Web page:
Although in general I have tremendous faith in science, there are a few concepts I’ve always had some trouble grasping. For example, textbooks have told us for decades—with great certainty—details about the interior of the Earth. We know how thick the crust and mantle are, what the core is made of, and how hot it is (among many other facts), even though no one has managed to dig or drill even halfway through the crust—the thinnest and outermost layer of the planet. How do people figure this stuff out? Yes, I know it’s all about earthquakes. When the ground shakes, sensitive instruments all over the world make detailed measurements. By carefully analyzing the way vibrations move from one point to another, scientists are able to infer a great deal about the planet’s structure. Although I accept that this is true, the actual physics and mathematics involved are so far beyond me that I can’t help harboring a slight doubt. Maybe the core is really made of flubber or, say, chocolate pudding, rather than iron.
If I wonder at proclamations about the composition of our own planet, you can imagine how I felt when I read that astronomers are now making claims about the interior of the Sun. Not only that, these claims are based on measurements of sound, which I am reliably informed does not travel through space. After a few minutes of eye rubbing and brow furrowing, I began the long, slow process of trying to wrap my brain around the emerging science of helioseismology, the study of vibrations that occur within the Sun and what they tell us about its interior.
Helioseismology is a branch of the more general science of asteroseismology, which is not limited to our Sun in particular. But as the Sun is conveniently located much closer to Earth than any other star, it gives us the best opportunity for detailed study. Observers have noticed periodic changes in the brightness of the Sun and other stars for centuries, but a more detailed study in 1960 showed that the Sun’s surface has a very complex pattern of oscillation. In 1970, astronomer Roger Ulrich theorized that the oscillations were due to sound waves traveling through the interior of the Sun. Further research in the decades that followed has confirmed that hypothesis.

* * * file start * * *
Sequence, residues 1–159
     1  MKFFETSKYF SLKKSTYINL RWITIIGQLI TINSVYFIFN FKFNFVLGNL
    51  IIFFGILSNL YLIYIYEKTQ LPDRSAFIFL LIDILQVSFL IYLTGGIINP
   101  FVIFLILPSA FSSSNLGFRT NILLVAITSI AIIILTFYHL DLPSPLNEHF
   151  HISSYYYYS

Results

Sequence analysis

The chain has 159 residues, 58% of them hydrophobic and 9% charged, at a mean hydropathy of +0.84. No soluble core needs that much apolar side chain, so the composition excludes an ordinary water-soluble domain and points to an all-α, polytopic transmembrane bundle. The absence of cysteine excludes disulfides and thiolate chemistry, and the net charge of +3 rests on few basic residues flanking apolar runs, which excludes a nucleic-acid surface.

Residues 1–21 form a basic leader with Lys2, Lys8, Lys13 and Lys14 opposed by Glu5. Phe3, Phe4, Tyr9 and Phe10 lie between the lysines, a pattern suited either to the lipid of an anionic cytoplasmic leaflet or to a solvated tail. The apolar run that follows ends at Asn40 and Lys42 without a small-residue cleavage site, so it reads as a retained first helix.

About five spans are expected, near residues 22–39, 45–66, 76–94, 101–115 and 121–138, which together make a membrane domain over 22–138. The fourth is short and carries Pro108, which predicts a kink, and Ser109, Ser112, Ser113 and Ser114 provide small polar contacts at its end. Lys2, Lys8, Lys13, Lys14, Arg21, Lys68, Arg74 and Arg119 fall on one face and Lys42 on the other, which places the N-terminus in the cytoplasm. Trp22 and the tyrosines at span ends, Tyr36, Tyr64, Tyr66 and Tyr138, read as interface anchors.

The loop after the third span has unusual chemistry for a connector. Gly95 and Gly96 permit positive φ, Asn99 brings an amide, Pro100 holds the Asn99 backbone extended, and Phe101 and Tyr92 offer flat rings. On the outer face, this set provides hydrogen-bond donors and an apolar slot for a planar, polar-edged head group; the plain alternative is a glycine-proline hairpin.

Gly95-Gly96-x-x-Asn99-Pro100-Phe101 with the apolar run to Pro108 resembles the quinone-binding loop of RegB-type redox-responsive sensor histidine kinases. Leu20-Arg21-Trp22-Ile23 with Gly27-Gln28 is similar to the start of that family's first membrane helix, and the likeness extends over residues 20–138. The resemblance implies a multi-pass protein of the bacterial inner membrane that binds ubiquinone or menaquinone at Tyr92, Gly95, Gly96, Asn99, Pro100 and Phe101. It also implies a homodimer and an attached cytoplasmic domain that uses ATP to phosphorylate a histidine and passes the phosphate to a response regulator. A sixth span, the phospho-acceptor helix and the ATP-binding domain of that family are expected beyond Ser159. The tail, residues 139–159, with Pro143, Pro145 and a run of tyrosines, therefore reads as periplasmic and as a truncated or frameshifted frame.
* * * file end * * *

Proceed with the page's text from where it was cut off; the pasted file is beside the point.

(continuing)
How exactly does one observe oscillations on the surface of the Sun? By measuring the Doppler shift of light coming from a given location on the Sun’s surface using specially designed spectrometers, astronomers can tell whether that spot is moving inward or outward, and at what rate. This data can be used to create computer models that graphically depict the waves on the surface. And this information, in turn, reveals what’s going on under the surface of the Sun. Some people liken helioseismology to a sonogram: using sound waves to “see” inside a body—in this case, a celestial body. In the case of the Sun, the vibrations are affected by temperature, density, and convection, meaning that by studying the patterns of sound waves, astronomers can create surprisingly detailed, dynamic maps of the interior of the Sun—not just its surface.
Weather Forecast: Sunny
Helioseismology has produced some interesting results. For example, astronomers now know that the Sun contains plasma “rivers” or “jet streams”—massive convection currents that produce what you might think of as solar cyclones thousands of miles below the surface. In addition, the research has shown that the Sun has a number of layers that rotate at different speeds, contributing to the formation of powerful magnetic fields. And helioseismology can even detect sunspots on the far side of the Sun—quite a neat trick if you think about it.
All this information can help scientists evaluate theories of stellar evolution. Of more immediate practical concern, helioseismology is the best tool currently available for predicting solar weather patterns. The solar flares and coronal mass ejections that often accompany sunspots can disrupt satellites in Earth’s orbit and damage electrical grids. The more we know about the timing and location of these events, the better we can prepare and adapt. The moral of the story? Although you should never look at the Sun, you should always listen to it. —Joe Kissell
This article was featured in the first edition of panta rei.
Sunquakes: Probing the Interior of the Sun by Jack B. Zirker is a good layperson’s introduction to helioseismology.
The cover story in the July, 2004 issue of National Geographic was called “The Sun: Living with a Stormy Star,” and included an extensive discussion of helioseismology.
For more details, see:
- Sounding the Sun: Helioseismology by P.B. Stark, Department of Statistics, University of California, Berkeley
- Surface Waves and Helioseismology at NASA’s Marshall Space Flight Center
- Helioseismology at Stanford University
- SOLAR MUSIC—HELIOSEISMOLOGY is a curriculum for grades K-3 developed by the National Optical Astronomy Observatories. Although written for six-year-olds, it’s actually not a bad introduction for adults, too.
- Helioseismology in the Wikipedia